Olga Kozubska was a Fellow of the Kolleg from April 2022 to March 2023.
Olga Kozubska studied history at the universities of Lviv, Budapest and Leuven. In 2004, she obtained a doctorate from the Ukrainian Catholic University in Lviv and took up a position as lecturer in the Department of Classical, Byzantine and Medieval Studies. In 2007, she received a second PhD from the Central European University in Budapest with a thesis on urban development and German law in Galician Rus from the 13th to the 15th century. This was followed by research stays at the Goethe University Frankfurt am Main, the Max Planck Institute for European Legal History, the Institut für vergleichende Städtegeschichte in Münster and the Center for Religious Studies (CERES) in Bochum.
Legal Plurality and the Establishment of Urban Order under Magdeburg Law in Historical Towns of Ukraine during the Late Medieval and Early Modern Times
Religious heterogeneity of urban population was one of the most characteristic features in the historical lands of Ukraine: typically, a town was inhabited by Orthodox population (indigenous Ruthenians, but also Greeks, Wallachians and Moldavians) and Catholics (Poles, Germans, Italians, Hungarians). In addition, some towns had communities of Armenians, Jews and Muslims (mostly Tatars). The process of establishment of the urban order based on Magdeburg law demonstrated a variety of approaches: from an exclusive domination of Catholics over “the others” (as in Lemberg) to a co-existence of three Christian communities (Catholics, Orthodox and Armenians) each with its own court and a town-council (as in Kamianets of Podolia).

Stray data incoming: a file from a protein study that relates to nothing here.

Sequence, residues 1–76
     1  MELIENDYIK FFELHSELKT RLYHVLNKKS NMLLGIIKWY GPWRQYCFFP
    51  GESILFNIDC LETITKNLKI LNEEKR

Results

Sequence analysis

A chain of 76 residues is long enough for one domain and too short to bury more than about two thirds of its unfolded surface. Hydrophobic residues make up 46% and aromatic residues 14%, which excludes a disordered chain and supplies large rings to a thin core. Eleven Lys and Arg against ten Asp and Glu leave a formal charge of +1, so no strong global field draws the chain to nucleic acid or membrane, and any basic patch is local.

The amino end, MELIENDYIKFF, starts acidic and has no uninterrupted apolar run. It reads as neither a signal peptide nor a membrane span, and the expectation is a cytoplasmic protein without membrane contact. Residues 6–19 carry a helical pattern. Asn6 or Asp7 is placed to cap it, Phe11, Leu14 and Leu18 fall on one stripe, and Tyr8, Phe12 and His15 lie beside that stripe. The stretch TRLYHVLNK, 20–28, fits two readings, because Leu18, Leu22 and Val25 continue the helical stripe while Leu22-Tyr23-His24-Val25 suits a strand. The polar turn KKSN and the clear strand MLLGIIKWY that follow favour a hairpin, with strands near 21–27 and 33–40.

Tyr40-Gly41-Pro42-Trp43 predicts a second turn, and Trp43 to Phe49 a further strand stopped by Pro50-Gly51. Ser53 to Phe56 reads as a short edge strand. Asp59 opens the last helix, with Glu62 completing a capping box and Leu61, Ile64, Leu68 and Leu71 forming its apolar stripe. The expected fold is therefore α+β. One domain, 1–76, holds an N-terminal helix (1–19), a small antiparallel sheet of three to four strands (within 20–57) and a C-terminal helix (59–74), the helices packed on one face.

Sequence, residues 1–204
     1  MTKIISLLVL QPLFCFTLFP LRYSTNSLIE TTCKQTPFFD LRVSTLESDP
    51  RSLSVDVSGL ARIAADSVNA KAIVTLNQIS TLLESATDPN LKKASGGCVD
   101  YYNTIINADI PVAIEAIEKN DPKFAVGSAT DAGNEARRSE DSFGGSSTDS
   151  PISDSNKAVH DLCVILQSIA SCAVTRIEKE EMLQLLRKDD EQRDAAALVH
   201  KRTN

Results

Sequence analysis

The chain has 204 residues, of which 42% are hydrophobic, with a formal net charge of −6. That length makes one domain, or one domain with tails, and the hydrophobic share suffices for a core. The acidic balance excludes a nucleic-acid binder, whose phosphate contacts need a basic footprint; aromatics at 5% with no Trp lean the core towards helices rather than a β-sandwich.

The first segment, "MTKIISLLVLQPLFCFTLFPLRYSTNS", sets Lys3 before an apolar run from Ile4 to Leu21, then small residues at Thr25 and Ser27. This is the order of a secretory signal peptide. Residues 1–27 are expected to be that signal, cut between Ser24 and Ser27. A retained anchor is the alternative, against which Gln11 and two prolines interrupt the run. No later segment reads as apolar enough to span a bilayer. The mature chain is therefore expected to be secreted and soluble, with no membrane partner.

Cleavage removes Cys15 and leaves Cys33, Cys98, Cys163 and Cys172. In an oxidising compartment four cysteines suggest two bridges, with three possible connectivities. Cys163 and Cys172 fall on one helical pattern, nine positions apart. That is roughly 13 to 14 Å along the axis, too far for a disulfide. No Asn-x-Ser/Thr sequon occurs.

The aim of this project is to demonstrate how legal pluralism manifested itself in the context of urban order and in the formation of urban institutions (town court and town council) after the grant of Magdeburg law, especially taking into account the ethnically and religiously heterogeneous character of the population. Using available sources, it will be possible to see in what towns which (religious) groups were accepted to/excluded from urban rights, who could be elected to the town council/town court and how, in general, religious diversity influenced the unification/pluralization of urban law. The geographical scope of this research is limited to three historical lands of present-day Ukraine: Galicia, Wolynia and Podolia.
Kozubska, Olga, Das Magdeburger Recht in den historischen Ländern der heutigen Ukraine. Historiografie – Rezeption – Nachleben, in: Gabriele Köster/Christina Link (Hg.), Faszination Stadt. Die Urbanisierung Europas im Mittelalter und das Magdeburger Recht (Magdeburger Museumsschriften 1), Magdeburg 2019, 732-746.
Kozubska, Olga, Becoming a Citizen. Formation of Communities and Urban Liberties in former Kievan Rus’ Principalities, in: Michel Pauly/Franz Irsigler (Hg.), Urban liberties and citizenship from the Middle Ages up to now, Trier 2011, 69-100.
Kozubska, Olga, ‘propter disparitatem linguae et religionis pares non esse’. ‘Minority’ Communities in Medieval and Early Modern Lviv, in: Derek Keene/Katalin Szende (Hg.), Segregation – Integration – Assimilation. Religious and Ethnic Groups in Central and Eastern Europe (Historical Urban Studies XXX), London 2009, 51-67.
Kozubska, Olga, German Law in Medieval Galician Rus’ [Rotreussen], in: Rechtsgeschichte (Rg) 13 (2008), 25-46.
Kozubska, Olga, Ius Theutonicum Magdeburgense in Ruthenian Privileges in the Fourteenth and the Fifteenth Century, in: Proceedings of the International Conference “European Cities of Magdeburg Law: Tradition, Heritage, Identity”, Krakau 2007.